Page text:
Locally owned Red Barn Market opens its fifth location this week in a new 6,000-square-foot-plus space on Oak Bay Avenue.
Nearby businesses have been looking forward to Red Barn’s arrival, predicting it will add foot traffic as more shops and services are established in the section of the avenue west of Foul Bay Road.
Red Barn will open at 8 a.m. on Thursday, Russ Benwell, one of the owners, said Tuesday. Regular hours will be 6:30 a.m. to 9 p.m. The grand opening, on Feb. 13, will see the store open at 10 a.m.
The new store has incorporated the feel of other Red Barn Markets, but would fit in on Granville Island in Vancouver, Benwell said.
It has a farm-market vibe. An original Mattick’s Farm buggy is displayed, along with a collection of old plows, wagon wheels and other curios.
The opening is the latest move in Greater Victoria’s competitive grocery sector. Stores, many locally owned, operate on tight margins and strive to respond to trends.
All face the loonie’s drop in value against the U.S. dollar, and must cope with higher food prices, just like consumers. Small, independent stores and big-box heavyweights fight for the same dollar.
Gary Sands, spokesman for the Canadian Federation of Independent Grocers, said from Ontario that three factors are necessary to succeed. A store has to differentiate itself, it must offer a greater degree of service and it needs strong ties with the community.
Red Barn stands out by having its own smokehouse, at its Vanalman Avenue site, Benwell said. It turns out 85 products, including favourites such as bacon, smoked cheese, and turkey sausages. It’s pretty much a gluten-friendly operation, Benwell said.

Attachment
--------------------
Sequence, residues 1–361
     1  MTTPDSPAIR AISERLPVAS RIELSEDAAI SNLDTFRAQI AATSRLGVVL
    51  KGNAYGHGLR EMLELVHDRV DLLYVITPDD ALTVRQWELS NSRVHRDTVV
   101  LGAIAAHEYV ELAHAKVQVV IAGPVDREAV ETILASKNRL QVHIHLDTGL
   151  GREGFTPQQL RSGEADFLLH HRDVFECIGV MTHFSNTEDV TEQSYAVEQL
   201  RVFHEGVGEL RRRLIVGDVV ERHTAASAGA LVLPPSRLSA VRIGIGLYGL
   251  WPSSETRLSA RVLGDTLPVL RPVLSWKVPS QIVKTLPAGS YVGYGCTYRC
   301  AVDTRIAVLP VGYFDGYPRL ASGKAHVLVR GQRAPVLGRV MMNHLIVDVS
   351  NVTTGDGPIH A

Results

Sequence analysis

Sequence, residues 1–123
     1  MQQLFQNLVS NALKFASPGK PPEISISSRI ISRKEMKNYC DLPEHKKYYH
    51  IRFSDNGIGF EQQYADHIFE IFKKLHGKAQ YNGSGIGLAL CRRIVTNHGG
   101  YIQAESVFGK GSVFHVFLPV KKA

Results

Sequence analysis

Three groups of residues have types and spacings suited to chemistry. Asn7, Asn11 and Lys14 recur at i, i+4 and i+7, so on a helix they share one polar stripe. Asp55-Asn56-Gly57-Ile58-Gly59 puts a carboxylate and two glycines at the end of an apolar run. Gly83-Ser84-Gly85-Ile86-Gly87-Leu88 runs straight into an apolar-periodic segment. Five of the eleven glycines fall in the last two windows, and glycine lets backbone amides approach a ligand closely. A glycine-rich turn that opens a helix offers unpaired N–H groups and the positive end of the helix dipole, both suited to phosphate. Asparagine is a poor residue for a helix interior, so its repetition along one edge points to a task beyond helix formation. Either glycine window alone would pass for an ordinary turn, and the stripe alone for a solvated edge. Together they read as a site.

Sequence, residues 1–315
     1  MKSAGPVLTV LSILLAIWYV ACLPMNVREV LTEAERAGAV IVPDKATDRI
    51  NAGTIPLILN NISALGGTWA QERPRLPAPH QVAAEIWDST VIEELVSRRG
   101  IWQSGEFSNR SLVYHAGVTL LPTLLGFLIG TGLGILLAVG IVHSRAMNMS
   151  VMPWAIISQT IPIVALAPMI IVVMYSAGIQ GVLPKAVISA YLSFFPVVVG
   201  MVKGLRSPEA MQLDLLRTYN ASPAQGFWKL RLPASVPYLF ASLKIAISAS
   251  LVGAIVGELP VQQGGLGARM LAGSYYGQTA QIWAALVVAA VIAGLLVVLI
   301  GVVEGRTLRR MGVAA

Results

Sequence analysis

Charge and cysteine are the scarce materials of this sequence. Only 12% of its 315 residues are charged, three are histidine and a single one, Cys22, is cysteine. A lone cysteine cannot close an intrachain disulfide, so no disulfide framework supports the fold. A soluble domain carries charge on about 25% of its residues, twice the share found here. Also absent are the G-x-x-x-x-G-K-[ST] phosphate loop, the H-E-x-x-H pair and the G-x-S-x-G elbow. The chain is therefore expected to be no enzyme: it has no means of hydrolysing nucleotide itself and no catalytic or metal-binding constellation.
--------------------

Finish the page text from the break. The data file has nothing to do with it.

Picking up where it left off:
The newest Red Barn includes a sandwich bar, ice- cream bar and lunch items, and will have outdoor seating.
Like many other stores, it has embraced buying local in-season products as much as possible.
A total of 55 staff, with 14 full-time, are employed at the new Red Barn. The company has more than 300 employees, Benwell said.
Red Barn’s environmentally friendly programs include bike racks and hiring a number of staff who live nearby and will not have to commute.
It has a large recycling program and reduces waste by ensuring extras are composted, he said.
Oak Bay store managers Melissa Hazenboom, former produce manager for Red Barn’s West Saanich Road outlet, and Scott Travers, who was the company produce buyer, have become part-owners of the new store with the existing Red Barn ownership group.
The company is looking for other locations south of the Malahat, Benwell said.
He hopes to open another store in two years.
Whole Foods, founded in the U.S., will be the next player to step into the local grocery scene. Its building is under construction at Uptown and is expected to open this year.
Vancouver Island is home to several locally founded grocery companies.
Fairway Market’s president, Doug Yuen, is a fourth-generation grocer overseeing a group of 10 stores.
B.C.-owned Quality Foods, headquartered in Errington, opened its first Greater Victoria store in July 2014 on the Langford Parkway and another is on its way in View Royal at Omicron’s Eagle Creek Village, now under construction. When Eagle Creek opens, Quality Foods will have 13 Island operations, including its Errington distribution centre.
Omicron is aiming to build a commercial centre, with a grocery store, on federal airport land at the corner of the Patricia Bay Highway and Beacon Avenue. No grocery store has been named yet.
Also locally owned is Country Grocer, with seven stores, and the two Market stores, at Yates and Millstream.
Thrifty Foods, founded in Victoria in 1977, which has 26 stores on the Island, Salt Spring Island, and the Lower Mainland, is now owned by Sobeys Inc., of Stellarton, N.S.